Out of control online behavior calls for in-school digital citizenship campaign

Steve’s Facebook page

“I have tickets for the show. Anybody want them, message me.”

“I’ll take ’em”

“I said to message me, not post it in the comment section.”

“Come on man.”

“No. Follow private message procedures. You went rogue. Now look at us,

having it out in the comment section.”

“Dude, you’ve turned into a monster.”

“You made me that way.”

 

When cellular companies hire film and stage icons like James Earl Jones and Malcolm McDowell to parody bad online behavior in their commercials, are they saying that online ethics have bitten the virtual dust?

As early as 2006, in his December 6 New York Times article, “Whatever Happened to Online Etiquette?” David Pogue, then NY Times Technology Columnist, worried about the erosion of online ethics. According to Pogue, a number of factors including online anonymity, hostile role modeling by media personalities and parental oblivion had eroded online communications to name calling and “spitting on each other.”

Pogue added, “Many parents haven’t been teaching social skills (or haven’t been around to teach them) for years, but Web 2.0 is suddenly making it apparent for the first time.” More to his main point, Pogue said, “The real shame, though, is that the kneejerk ‘everyone else is an idiot’ tenor is poisoning the potential the Internet once had.”

Pogue laments the dashed dreams of a “global village…where direct communication might make us realize that we have a lot in common after all, no matter where we live or what our beliefs.”

In her October 6, 2010 article, “Schools Urged To Teach Youth Digital Citizenship,” Nancy Solomon addressed the need to get youth back on the digital ethics track on NPR’s “All Things Considered” program. Solomon cited John Palfrey, of the Berkman Center for Internet and Society, who said, “We need education; we need mentoring; we need parenting …We need to have social workers figure out how to reach out in cyberspace, as well as in real space … It’s an all-hands-on-deck kind of issue.”

Solomon offered solutions for a digital citizenship education campaign. Her article spotlighted Common Sense Media, a nonprofit source for kids’ movies, video games and technology information, who had gone as far as to write a digital citizenship curriculum to assist schools in teaching children “to think critically about the Internet and make ethical decisions about its use.”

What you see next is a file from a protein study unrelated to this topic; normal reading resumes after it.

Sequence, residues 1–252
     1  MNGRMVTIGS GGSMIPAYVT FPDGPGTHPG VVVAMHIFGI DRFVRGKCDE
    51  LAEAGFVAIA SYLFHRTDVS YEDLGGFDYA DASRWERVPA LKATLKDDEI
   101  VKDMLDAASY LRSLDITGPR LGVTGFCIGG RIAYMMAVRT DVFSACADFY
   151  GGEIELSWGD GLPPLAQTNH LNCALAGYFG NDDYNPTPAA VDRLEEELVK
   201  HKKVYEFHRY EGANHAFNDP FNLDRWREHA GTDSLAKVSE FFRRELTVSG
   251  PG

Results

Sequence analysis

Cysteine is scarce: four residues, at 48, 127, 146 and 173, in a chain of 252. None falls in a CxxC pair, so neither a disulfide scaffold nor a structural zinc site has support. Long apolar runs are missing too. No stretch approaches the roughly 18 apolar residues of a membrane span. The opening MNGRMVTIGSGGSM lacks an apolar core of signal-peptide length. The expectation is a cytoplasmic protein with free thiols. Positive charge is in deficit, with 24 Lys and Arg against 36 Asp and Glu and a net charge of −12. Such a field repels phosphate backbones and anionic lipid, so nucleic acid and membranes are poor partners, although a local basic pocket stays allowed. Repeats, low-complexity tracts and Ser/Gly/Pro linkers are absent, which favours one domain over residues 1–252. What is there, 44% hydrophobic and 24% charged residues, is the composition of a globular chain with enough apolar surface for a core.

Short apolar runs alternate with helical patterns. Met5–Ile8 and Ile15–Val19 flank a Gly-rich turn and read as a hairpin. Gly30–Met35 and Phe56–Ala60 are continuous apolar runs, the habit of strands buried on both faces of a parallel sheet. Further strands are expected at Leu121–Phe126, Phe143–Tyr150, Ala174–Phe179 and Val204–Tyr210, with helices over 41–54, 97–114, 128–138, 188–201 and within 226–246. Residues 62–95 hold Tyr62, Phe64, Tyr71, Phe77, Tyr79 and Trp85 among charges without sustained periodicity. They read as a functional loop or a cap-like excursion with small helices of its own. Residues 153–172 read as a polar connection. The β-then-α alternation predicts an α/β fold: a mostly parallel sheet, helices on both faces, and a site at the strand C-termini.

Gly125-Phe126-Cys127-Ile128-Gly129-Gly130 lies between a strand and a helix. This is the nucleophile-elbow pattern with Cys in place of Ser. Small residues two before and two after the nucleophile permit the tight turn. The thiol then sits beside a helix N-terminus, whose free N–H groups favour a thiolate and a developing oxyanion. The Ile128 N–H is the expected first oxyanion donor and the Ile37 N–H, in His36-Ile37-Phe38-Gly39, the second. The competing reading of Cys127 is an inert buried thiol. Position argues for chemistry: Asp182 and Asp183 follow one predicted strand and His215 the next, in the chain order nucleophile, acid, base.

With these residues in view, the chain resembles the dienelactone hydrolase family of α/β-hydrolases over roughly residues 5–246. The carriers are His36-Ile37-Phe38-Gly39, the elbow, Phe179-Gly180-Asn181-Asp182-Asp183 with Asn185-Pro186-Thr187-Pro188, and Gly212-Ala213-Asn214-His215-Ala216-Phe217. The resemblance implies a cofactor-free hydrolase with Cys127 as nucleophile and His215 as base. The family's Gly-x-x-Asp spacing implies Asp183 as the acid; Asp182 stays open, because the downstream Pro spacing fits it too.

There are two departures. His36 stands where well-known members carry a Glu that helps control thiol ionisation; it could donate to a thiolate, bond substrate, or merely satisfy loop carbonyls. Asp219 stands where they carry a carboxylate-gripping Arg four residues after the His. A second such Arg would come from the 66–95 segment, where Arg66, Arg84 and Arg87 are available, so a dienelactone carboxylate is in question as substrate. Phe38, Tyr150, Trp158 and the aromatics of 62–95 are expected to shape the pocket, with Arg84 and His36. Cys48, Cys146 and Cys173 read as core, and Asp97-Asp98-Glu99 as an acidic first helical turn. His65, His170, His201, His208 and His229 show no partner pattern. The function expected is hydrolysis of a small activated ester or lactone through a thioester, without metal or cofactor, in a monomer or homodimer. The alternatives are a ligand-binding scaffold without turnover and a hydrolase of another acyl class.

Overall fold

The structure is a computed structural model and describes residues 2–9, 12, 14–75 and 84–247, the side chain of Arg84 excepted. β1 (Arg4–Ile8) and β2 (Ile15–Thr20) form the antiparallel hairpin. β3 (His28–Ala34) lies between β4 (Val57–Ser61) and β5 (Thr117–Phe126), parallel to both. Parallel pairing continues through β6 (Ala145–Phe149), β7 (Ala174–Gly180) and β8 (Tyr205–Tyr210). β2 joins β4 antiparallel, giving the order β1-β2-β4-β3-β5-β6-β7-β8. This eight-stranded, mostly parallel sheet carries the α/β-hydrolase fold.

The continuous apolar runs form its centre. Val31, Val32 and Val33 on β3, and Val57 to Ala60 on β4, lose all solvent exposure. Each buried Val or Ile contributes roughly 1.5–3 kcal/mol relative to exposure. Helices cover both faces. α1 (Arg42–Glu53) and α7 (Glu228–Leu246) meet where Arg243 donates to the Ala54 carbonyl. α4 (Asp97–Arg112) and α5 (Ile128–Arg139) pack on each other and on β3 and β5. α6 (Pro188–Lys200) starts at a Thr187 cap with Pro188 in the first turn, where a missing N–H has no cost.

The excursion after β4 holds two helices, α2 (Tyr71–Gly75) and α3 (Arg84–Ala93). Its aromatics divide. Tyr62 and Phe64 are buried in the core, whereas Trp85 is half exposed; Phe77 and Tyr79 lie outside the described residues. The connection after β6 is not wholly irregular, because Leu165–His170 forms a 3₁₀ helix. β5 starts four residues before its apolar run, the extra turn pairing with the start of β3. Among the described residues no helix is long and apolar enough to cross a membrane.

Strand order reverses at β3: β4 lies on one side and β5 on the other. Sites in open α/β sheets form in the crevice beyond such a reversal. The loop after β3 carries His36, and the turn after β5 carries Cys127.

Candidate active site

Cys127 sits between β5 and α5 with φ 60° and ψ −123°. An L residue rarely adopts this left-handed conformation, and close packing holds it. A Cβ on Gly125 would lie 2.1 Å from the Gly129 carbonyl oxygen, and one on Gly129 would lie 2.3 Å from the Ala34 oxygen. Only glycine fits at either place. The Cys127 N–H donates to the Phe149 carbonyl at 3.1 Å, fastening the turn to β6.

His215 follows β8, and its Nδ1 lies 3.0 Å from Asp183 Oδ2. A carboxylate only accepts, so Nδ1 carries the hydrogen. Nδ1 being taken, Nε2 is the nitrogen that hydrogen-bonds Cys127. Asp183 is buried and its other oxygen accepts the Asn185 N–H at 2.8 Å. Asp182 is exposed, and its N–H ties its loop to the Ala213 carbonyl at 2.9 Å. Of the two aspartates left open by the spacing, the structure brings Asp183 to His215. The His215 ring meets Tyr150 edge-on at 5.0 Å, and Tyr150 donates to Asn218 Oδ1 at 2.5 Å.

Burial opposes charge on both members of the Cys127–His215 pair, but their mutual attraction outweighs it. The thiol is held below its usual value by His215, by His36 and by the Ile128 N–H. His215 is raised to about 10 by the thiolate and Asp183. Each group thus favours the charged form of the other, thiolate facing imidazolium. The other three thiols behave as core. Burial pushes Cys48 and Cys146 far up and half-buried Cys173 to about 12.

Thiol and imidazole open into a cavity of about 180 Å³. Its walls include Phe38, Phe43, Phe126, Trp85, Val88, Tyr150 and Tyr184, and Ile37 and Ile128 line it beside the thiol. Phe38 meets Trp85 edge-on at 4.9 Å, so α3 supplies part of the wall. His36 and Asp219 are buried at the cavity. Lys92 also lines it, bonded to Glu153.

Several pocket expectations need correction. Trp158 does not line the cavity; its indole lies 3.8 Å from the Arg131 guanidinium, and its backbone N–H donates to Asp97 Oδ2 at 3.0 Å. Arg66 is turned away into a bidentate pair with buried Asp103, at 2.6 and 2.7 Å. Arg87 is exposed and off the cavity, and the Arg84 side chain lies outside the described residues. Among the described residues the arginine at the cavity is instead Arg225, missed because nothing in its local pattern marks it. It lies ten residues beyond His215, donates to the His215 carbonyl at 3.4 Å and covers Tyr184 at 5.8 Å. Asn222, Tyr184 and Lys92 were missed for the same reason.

According to Solomon, Common Sense founder and CEO, Jim Steyer

thought that technology had “outpaced schools’ ability to keep track of it,” adding that he (Steyer) was “flooded with requests for the curriculum as soon as it was released.”

Still, as 2013 draws to an end, some school systems don’t appear to be concerned with including digital citizenship in their curriculums. Lynchburg, Va.’s Brookville Middle School librarian, Laura Harvey Light told The Guilfordian, “Most middle school educators are so concerned with SOLs, (Standards of Learning test scores), that subjects like the Arts and the Internet kind of get pushed to the side.”

Delores Figg, Brookville’s Art Instructor agreed.

“Like Art, Internet etiquette isn’t a priority in middle school,” Figg said. “Also, the school system can only do so much. If proper etiquette isn’t mirrored at home, it doesn’t really take hold with middle schoolers. Respect and appropriate behavior start at home. I know that sounds old-fashioned, but it’s true.”

But there’s hope. In true digital fashion, like Common Sense Media, more digital entities teach online ethics and citizenship and offer courses for educators, parents and children. UniversalClass.com offers several levels of study and certifications in their online courses.

On the Well Trained Mind forum, poster Camy, asked, “Anyone familiar with universalclass.com online courses?”

Commenter jibaker103 replied, “Yes, my library offers it free. My son is taking the English Composition 101 course right now and likes it very much.”

School systems may look to their own libraries as one source for online guides in educating students about digital ethics. Common Sense Media currently includes The

California State Library Association, The California State PTA, Apple, Google, Disney, MTV, PBS and Teach For America in its extensive list of digital citizenship education partners. With plenty of available resources for a digital citizenship education campaign in place, could all parents and school systems please report to the principal’s office, ASAP?